Look homeward – hey! This captured our attention a few nights ago: scientists think that the bit of iron present in the beaks of homing pigeons might serve as a compass, allowing these totally cool birds to fly straight home from recorded distances of up to 1,100 miles. Well! How interesting is this? We checked this morsel of information (from “Animal Kingdom” – a neat infographic book by Blechman and Rogers) with the Homing Pigeons entry in Wikipedia, where we learned that pigeons might also be guided by odors and low frequency sounds. We are such fans of homing pigeons (seriously, everything about these sweet birds is so A+ on our interest scale) – we first learned about them last March (mentioned in the blog entry, “Flying, Farming, and Felix”).
A new poetry unit – we are learning about poet, e.e. cummings (1894-1962). We have read so many biographies about people with harrowing childhoods, it comes as a relief to read about somebody from a thoroughly delightful and supportive family. For heaven’s sakes, the family vacation home was named “Joy Farm” (happy all the way with this family)! First-rate book: “enormous SMALLNESS”, by Matthew Burgess, charmingly illustrated by Kris Di Giacomo.
Story problem from Le Fictitious Local Diner – the diner is ringing in 2016 by gifting all dog-owning customers with organic dog biscuits! The diner is baking up 20 dozen dog biscuits every Monday for the month of January. Leftover biscuits from each week will be given to the town’s pet shelter. If 15% of the batch is left over each week, how many biscuits will be delivered to the shelter by the end of the month?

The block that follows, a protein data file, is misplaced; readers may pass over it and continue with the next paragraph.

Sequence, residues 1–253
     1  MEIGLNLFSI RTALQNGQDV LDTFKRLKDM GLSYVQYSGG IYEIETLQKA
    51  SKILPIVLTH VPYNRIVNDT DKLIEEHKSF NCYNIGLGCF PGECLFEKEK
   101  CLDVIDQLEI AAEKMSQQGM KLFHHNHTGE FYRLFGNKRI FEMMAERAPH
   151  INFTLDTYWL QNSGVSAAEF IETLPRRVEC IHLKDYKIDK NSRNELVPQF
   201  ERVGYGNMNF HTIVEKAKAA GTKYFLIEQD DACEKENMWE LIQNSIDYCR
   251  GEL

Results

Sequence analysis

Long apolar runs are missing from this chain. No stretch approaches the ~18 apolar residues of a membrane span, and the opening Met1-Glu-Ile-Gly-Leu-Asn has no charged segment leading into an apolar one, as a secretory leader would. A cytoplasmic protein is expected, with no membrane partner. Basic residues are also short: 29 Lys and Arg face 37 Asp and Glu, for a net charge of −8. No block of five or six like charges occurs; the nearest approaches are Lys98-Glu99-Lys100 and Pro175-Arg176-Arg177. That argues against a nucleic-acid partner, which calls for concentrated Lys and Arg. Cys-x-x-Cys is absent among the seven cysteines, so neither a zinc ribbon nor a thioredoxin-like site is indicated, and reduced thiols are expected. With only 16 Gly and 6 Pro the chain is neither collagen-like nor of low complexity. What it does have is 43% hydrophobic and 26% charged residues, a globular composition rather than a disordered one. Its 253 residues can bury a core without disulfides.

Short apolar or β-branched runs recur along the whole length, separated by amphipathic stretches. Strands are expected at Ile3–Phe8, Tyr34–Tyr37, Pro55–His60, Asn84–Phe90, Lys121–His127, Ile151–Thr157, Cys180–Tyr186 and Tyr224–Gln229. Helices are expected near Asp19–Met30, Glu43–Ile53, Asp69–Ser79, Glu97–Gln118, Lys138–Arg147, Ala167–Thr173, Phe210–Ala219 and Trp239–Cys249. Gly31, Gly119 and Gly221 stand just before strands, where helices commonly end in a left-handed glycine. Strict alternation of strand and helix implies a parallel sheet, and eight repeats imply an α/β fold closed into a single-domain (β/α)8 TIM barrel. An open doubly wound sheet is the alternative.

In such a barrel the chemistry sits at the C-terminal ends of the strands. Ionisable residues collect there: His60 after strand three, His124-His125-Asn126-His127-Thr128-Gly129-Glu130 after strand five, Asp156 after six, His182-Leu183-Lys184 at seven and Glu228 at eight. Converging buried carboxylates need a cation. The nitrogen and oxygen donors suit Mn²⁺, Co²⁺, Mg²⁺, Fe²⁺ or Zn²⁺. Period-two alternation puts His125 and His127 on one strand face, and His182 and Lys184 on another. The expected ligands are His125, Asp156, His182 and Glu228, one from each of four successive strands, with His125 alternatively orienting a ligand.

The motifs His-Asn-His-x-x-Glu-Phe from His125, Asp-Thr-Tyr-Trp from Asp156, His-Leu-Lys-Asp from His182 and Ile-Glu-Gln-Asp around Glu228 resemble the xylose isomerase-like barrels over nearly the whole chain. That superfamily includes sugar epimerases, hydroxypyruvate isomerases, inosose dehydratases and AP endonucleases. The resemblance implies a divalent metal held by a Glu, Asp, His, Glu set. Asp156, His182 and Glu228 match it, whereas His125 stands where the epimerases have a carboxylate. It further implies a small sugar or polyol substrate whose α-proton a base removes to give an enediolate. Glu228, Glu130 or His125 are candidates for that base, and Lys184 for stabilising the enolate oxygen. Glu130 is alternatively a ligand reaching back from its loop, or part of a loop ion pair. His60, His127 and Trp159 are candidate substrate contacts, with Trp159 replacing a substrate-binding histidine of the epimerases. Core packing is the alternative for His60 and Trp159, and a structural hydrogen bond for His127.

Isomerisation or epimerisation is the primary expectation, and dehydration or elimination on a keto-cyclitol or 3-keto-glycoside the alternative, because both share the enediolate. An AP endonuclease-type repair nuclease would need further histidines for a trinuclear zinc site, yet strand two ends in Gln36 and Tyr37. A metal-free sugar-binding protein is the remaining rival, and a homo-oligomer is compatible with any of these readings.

(ooooh! UCLA colors!)
Music – we bid farewell to 2015 by viewing our favorite videos from the many we had watched this past year:
- Mendelssohn’s “Violin Concerto in E minor”, movement 3, showcasing the beyond great Itzhak Perlman. We call this the “cat and mouse” movement (we hear “advance/retreat, advance/retreat” and imagine a cat crouching outside a small opening in the wall, toying with a mouse on the other side of the wall who is anxious to make his escape and hunt for cheese). This is an old recording, but the violin performance CANNOT get better than this.
- Bach’s “Invention No. 8”, 44 seconds of pure pleasure, played by the astounding Simone Dinnerstein. Watching Ms. Dinnerstein’s fingers fly over the keys is mesmerizing; we have watched this over and over.
- Camille Saint-Saens’ fabulously fun “Danse Macabre”, played by a Polish youth orchestra. I am sorry that we cannot decipher exactly which Polish youth orchestra, but this performance is jaw-dropping perfection. In fact, it is so outstanding that I forced my mother (“The Peach”)(a most reluctant classical enthusiast) to watch.
Welcome to the best part of my day!
– Jane BH